(Chuck Norris is what Willis was talking about.)
Enter Richard Lynch. No one signifies evil on sight (with the possible exception of Thanos; I'll let you look that one up) quite like this guy. In this film, as in so many others, he plays not just the villain but a sadist. It is not enough that he murders a boatload of people. He first lets them think everything is okay, and then proceeds to kill them all. And he does it all with a smile on his face. Rostov is obsessed with the idea of killing Hunter to the point that he has nightmares about it and would even jeopardize his mission to accomplish this goal. By contrast, Hunter (and what a telling name that is) wants nothing to do with anyone at the start (truly a reluctant hero) and has always believed that the higher-ups (read: bureaucracy) should have let him ice Rostov when he had the chance. The two characters are so antithetical to each other, they could just as easily be seen as God and the Devil in the eternal struggle. In fact, Hunter seems to appear at just the right moment to save people (a sort of serial killer of killers) for the entirety of the second and third acts, like a guardian angel with a beard.
(The chief export of Chuck Norris is pain.)
Two hallmarks of 1980s action films were communists and overkill. Not every actioner had both, but almost all had either one or the other. It's interesting to me that the two great periods of "Red Scare" cinema occurred about thirty years apart. In the 1950s, the theme was often embedded in the horror and science fiction genres (The Thing From Another World, Invasion Of The Body Snatchers, It Conquered The World, etcetera) and rarely spoken of overtly (that was saved for "Red Scare" movies like the earlier Invasion U.S.A., another subgenre all its own). Then there was a lull in the prevalence of this theme in genre cinema, more likely than not precipitated by the rise of the public's interest in social concerns, the proliferation of psychedelic drugs, and the notion that "we are the monsters/Martians." Then, with no foreign war to distract the American public in the early 80s, the focus of villainy in pop culture turned again to the communists.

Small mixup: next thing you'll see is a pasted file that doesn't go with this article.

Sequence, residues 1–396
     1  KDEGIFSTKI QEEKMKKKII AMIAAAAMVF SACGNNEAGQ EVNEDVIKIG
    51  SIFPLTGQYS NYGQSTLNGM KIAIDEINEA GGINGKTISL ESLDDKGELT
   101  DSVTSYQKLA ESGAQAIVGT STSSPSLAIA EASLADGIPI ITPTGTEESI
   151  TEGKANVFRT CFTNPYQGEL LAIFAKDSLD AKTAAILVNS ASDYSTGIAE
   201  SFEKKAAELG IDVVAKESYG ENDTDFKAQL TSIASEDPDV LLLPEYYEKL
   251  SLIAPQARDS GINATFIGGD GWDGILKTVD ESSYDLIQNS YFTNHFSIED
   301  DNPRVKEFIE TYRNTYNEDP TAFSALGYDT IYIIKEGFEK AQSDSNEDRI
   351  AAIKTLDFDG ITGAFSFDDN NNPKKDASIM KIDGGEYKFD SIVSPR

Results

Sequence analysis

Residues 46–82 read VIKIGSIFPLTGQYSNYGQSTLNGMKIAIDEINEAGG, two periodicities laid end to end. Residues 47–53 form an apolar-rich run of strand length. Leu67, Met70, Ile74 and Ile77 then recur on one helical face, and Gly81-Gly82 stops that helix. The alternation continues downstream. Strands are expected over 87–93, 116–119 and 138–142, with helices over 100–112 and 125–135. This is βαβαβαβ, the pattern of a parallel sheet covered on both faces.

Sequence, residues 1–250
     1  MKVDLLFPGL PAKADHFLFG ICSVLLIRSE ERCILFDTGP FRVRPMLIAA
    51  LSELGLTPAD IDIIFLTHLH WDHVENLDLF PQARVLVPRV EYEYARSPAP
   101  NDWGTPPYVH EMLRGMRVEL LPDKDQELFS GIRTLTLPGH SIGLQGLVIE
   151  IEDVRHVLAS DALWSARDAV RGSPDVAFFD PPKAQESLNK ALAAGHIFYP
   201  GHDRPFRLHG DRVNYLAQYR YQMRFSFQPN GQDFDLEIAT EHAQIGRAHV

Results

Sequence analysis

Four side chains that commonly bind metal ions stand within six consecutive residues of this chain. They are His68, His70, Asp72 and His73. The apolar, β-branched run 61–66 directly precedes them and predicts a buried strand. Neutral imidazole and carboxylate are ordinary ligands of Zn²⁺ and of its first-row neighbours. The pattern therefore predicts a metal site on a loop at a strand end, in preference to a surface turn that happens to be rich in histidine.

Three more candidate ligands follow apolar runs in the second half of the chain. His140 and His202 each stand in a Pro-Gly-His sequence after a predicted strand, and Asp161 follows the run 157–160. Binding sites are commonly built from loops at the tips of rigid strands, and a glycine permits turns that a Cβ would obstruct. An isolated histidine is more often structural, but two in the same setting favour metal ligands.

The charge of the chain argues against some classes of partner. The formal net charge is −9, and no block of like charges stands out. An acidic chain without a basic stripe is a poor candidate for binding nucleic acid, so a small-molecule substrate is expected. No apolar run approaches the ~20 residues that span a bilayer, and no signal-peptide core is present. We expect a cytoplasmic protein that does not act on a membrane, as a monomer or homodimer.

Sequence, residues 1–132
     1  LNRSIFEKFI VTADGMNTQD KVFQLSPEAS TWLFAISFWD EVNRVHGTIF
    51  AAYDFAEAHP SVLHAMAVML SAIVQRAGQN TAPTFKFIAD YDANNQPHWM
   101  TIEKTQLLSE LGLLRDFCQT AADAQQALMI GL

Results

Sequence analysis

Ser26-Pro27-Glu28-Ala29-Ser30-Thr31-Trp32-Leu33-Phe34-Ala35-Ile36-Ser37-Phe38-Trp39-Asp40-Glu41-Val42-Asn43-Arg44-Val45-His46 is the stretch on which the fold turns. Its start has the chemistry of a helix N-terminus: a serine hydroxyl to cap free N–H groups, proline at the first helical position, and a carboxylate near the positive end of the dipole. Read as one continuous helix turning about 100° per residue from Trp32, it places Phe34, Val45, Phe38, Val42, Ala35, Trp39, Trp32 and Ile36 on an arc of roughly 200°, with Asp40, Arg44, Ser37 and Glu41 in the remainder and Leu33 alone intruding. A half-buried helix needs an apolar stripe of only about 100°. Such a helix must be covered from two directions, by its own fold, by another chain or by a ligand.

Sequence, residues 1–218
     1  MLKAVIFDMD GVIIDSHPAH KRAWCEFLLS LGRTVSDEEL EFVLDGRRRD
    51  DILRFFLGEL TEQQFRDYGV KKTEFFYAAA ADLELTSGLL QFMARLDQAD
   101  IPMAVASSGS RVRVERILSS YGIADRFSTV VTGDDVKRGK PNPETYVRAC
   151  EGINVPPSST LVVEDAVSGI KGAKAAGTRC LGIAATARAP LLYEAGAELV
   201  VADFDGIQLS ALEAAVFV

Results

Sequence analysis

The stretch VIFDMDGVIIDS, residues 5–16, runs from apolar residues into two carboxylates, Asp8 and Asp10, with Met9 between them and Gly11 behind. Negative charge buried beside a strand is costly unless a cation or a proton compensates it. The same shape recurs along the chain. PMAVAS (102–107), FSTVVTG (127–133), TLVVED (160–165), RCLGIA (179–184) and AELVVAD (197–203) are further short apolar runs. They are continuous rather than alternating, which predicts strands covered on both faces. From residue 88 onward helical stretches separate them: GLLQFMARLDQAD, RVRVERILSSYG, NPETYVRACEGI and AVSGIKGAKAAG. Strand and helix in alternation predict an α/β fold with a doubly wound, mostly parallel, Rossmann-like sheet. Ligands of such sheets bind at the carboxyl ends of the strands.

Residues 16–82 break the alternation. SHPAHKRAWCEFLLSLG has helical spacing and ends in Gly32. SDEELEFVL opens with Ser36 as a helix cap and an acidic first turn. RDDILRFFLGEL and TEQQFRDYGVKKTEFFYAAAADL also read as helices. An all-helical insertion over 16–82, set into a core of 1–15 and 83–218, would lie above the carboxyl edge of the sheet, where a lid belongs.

(Chuck Norris counted to infinity – twice.)
Whether they were Latin American, Asian, or Russian, the Reds always seemed to have a plan to destroy us "Capitalist Pigs." And we, in turn, had enough hardasses and ordnance to blow them all back to the Stone Age. Invasion U.S.A. is no exception. Rostov doesn't just assassinate someone. He does it with a bazooka. It's not enough to shoot a bazooka at Hunter's cabin. You have to fire several, multiple times. Hunter doesn't just show up at the mall to take out the bad guys. He drives his pickup truck through the doors and walls, probably hurting more people than he's helping. But that's why we watch films like this one, and as an example of 1980s action movie excess, this one excels.
(When the Boogeyman goes to sleep every night, he checks his closet for Chuck Norris.)
MVT: Ironically, I'm giving director Joseph Zito the MVT here. He shoots and edits action exceptionally well. He uses the entirety of the screen, isn't afraid to move the camera, and throws a huge amount of production value onscreen. His pacing makes the film feel brisk, even at almost two hours of runtime.
Make Or Break: The scene where Lynch meets up with druglord, Mickey (Billy Drago), exemplifies everything that makes this movie and those like it so enjoyable. I won't spoil it for you, but it's sleazy, and over the top, and oh-so-satisfying.
Posted by Todd at 3:00 AM